Dave was extremely professional but more importantly I was treated as a person not a case. He always returned calls and emails in a very timely manner. I would definitely recommend Dave to help with legal needs! -Jennifer S.

As someone who never had a lawyer, David made everything as simple as possible. He is very easy to communicate with and provides all the answers and support you will ever need. If I ever need a lawyer again, David will be my first choice to contact. -Andrew

I was falsely accused of something and had an order filed against me. Ben represented me during court and successfully had the order dismissed. He also went above and beyond to make sure it would not show up on my record. – Brittany.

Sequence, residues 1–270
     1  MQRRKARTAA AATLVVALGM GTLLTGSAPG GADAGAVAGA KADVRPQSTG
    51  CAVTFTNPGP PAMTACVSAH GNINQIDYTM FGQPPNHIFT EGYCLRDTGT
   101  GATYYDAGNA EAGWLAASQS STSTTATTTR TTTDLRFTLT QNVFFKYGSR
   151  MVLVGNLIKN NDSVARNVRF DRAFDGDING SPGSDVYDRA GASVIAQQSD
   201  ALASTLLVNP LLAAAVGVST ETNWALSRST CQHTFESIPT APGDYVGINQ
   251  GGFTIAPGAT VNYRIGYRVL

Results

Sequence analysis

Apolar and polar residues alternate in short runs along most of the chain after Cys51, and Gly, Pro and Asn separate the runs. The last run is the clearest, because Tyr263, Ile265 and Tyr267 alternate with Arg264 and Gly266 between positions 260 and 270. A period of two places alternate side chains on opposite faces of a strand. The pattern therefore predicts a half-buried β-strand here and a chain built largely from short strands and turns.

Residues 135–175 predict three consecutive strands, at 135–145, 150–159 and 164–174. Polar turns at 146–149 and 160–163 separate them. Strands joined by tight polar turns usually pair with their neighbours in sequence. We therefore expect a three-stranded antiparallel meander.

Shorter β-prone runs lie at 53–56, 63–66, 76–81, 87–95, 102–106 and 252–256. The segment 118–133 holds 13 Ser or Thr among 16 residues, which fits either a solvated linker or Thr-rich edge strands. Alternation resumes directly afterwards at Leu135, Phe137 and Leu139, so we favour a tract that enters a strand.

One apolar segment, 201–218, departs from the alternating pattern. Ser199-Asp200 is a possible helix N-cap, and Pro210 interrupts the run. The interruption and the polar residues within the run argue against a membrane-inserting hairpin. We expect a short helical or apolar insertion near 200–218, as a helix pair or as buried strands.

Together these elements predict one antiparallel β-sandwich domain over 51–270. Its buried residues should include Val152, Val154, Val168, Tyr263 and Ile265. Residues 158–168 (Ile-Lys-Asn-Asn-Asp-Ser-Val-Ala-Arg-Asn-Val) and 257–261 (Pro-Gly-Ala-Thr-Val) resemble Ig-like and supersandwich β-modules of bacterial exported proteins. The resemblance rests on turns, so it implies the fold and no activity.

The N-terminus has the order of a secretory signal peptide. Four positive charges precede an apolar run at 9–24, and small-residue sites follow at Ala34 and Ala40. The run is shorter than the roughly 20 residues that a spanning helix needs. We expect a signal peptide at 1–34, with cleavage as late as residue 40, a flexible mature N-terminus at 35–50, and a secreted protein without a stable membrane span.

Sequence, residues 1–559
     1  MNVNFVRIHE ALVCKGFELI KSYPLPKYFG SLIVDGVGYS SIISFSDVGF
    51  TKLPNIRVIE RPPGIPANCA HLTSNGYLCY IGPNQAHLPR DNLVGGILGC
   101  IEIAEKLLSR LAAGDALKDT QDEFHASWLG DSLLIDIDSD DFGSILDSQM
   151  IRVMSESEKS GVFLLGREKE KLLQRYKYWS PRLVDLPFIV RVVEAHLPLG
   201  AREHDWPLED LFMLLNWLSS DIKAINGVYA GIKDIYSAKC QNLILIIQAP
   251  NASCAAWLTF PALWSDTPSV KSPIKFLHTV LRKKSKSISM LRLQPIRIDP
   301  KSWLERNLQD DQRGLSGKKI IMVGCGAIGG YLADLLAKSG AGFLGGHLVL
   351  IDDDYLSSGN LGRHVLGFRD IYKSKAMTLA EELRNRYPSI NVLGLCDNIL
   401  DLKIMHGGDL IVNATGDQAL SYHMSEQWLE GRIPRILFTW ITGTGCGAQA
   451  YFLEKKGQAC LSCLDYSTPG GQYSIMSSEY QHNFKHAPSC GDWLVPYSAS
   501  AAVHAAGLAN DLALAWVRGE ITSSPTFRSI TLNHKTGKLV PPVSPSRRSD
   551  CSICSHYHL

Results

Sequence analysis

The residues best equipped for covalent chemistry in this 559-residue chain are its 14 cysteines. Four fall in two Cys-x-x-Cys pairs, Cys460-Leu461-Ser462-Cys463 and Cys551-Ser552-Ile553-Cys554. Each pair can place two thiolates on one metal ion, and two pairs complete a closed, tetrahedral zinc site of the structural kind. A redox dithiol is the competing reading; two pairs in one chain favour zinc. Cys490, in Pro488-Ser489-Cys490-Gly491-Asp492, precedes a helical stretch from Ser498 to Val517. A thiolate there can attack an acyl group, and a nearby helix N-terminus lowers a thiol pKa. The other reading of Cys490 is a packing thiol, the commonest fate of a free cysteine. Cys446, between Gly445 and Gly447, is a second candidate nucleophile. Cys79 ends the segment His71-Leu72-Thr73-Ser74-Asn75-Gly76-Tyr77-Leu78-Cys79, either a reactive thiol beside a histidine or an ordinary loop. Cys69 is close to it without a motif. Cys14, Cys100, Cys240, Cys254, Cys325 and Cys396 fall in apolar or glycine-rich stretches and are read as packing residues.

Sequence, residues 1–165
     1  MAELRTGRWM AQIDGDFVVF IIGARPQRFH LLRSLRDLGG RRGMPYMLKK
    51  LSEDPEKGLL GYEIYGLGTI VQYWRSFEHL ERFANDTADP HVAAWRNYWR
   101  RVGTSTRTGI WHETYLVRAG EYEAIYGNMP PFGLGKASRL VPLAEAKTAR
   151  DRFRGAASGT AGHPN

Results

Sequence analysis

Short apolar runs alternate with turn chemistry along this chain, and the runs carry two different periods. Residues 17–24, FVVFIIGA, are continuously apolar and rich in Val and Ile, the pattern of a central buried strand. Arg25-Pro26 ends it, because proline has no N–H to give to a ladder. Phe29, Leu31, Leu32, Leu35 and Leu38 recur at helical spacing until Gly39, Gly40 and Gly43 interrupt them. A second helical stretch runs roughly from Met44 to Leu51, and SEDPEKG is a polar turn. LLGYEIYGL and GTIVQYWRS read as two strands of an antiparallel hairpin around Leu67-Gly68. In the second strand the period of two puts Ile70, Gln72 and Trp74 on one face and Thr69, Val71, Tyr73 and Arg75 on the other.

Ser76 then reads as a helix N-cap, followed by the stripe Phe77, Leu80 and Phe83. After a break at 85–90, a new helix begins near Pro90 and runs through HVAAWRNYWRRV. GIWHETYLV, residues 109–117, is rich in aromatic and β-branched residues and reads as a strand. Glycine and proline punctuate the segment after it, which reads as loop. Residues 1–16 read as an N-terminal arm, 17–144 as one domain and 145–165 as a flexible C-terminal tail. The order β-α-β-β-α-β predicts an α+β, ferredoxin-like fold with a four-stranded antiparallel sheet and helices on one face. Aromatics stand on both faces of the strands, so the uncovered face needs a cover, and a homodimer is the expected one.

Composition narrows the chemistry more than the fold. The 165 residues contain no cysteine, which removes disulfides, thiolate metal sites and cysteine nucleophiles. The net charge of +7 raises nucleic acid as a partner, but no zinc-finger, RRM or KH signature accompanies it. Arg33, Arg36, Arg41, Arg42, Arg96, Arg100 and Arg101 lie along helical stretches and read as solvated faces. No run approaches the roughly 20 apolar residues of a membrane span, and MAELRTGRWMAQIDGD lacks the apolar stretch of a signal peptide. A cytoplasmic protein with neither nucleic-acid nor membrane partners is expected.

Home » Blog » Tennessee Public Protection Act and the GTLA

Tennessee Public Protection Act and the GTLA


CaseDavid G. Young, Individually and as City Administrator for the City of Lafollette v. City of Lafollette et al.

Issue:  Does the GTLA’s non-jury provision apply to claims brought pursuant to the Tennessee Public Protection Act?

Facts:  Employee brought TPPA claim against City and requested a jury trial. City moved to strike the jury demand pursuant to the GTLA. The trial court denied the motion to strike the jury demand, but granted permission to seek interlocutory appeal.

Appellate Decision:  The intermediate court reversed, holding that the GTLA’s non-jury provision controlled. The court relied on its prior holding in Larry Sneed v. The City of Red Bank, which is currently pending review by the Tennessee Supreme Court.

Review Granted:  October 22, 2014.

Prediction:  Ben thinks the Supreme Court will affirm and find that the GTLA’s non-jury provision controls for similar reasons as in Sneed. Ben expects decisions in both cases clarifying that GTLA rules apply by default to suits against the government unless otherwise specified.